4stroke, tank frame, chopper, w/ long write up.

Discussion in 'Photos & Bicycle Builds' started by KeepOnKeepnOn, Dec 14, 2008.

  1. INTRO
    Well, here is my beast. I am not sure whether to call it the "Neighborhood Bully" because it just looks like the kind of bike that punk would ride (thank God he didn't have a motor) or the "Death Machine" from the movie Animal House. I must say that I ended up sinking WAY more time and money into this fun "little" project than I planned, but it was still fun.
    My theme obviously was the old school chopper style. The other priorities were for it to be super quiet and have a frame tank. So I scored a used bike that had a suitable frame, the sissy bar seat, really nice pedals, nice stem, chopper forks, ape hanger handle bars and nice bright red rims for the gasser look with top of the line tires (highly recommended)... all for $100, stoked! For the sake of quiet operation I went for a 4 stroke engine kit, not bad at $240 (Also I hate mixing 2 stroke oil). Then came the unforeseen costs!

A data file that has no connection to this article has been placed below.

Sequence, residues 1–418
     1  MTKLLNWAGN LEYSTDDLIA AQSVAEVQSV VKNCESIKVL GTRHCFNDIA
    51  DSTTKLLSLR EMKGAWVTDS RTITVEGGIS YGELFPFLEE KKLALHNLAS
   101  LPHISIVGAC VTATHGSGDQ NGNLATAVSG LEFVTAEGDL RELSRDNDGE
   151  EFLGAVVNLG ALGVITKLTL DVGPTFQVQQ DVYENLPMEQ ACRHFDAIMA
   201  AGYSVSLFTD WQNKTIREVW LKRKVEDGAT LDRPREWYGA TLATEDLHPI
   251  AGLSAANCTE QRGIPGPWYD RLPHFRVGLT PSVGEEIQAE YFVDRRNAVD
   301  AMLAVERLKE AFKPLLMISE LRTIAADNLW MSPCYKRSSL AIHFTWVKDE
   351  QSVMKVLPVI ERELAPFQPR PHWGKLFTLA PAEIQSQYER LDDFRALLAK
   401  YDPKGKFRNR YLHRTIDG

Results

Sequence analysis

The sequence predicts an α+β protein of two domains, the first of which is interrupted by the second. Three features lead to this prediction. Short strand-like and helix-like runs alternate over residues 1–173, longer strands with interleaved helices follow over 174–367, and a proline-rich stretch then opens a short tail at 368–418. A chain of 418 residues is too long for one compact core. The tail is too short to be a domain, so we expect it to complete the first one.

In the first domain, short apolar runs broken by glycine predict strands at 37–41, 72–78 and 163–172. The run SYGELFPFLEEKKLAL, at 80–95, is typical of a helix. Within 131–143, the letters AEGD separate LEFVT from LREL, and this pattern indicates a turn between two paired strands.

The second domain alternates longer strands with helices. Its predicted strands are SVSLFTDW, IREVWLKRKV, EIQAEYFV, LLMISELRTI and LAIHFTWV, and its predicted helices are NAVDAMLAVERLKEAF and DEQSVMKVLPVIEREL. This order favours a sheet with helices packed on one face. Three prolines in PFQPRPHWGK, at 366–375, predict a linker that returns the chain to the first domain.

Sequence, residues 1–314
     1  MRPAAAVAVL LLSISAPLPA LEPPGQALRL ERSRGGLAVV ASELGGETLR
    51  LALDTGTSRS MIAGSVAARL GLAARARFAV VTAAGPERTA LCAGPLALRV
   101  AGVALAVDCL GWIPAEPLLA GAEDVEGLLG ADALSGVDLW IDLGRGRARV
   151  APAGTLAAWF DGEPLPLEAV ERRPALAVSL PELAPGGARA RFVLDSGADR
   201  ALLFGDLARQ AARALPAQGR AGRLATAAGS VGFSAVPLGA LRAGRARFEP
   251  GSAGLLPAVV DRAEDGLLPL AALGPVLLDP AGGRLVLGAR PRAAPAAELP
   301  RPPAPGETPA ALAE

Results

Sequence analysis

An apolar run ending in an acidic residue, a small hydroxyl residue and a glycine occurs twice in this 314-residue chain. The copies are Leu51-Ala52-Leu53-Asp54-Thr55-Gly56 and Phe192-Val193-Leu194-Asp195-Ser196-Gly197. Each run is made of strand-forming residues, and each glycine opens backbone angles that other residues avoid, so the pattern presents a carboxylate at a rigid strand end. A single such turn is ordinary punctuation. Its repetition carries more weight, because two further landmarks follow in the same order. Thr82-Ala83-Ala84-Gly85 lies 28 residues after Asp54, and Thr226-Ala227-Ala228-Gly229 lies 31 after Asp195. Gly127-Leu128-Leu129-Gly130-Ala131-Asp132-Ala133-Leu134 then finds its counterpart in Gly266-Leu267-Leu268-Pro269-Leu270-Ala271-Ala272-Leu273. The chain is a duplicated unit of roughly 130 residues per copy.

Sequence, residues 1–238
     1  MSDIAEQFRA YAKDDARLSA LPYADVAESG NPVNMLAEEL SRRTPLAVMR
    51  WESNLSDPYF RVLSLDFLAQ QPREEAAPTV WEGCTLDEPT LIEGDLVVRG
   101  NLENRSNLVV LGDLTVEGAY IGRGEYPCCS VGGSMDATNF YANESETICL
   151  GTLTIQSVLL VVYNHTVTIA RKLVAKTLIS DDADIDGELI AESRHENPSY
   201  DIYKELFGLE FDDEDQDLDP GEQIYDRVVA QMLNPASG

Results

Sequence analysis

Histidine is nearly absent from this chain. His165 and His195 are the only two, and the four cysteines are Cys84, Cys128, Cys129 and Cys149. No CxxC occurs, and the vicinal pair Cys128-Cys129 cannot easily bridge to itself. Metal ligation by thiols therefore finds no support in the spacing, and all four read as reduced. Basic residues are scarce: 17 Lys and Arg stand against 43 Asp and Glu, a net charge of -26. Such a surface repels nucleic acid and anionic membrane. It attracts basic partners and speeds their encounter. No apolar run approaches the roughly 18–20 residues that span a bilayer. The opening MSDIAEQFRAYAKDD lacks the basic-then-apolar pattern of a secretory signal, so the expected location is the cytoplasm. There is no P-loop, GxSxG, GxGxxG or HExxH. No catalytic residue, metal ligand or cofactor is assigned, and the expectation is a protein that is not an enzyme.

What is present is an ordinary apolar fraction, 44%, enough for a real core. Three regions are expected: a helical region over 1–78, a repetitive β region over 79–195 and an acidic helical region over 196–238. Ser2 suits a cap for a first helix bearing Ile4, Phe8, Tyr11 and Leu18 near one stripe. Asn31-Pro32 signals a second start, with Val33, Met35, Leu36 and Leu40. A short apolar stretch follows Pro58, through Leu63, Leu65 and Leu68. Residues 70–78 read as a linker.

While waiting for my engine kit to come in the mail I decided that increased braking power was mandatory (the primary problem with the cruiser platform). So I welded a piece of angle iron onto the forks and installed a U brake ($). Those nice red rims I had were painted though, no braking surface, so I had to get a new front wheel ($). Last time I had a U brake was my BMX bike in 8th grade. Well I remembered that U brakes weren't to great but now I have been reminded, they are junk. It is better than nothing but still, I recommend against this mod, even though it was cheap and easy. I may weld on some posts for a V brake.
    As it turned out the coaster brake in the rear wheel was shot and I didn't like the one red wheel, one silver wheel look so a new one was in order ($). Overall the thing I am least happy with on the bike is the braking (and the gear box, we'll get to that later).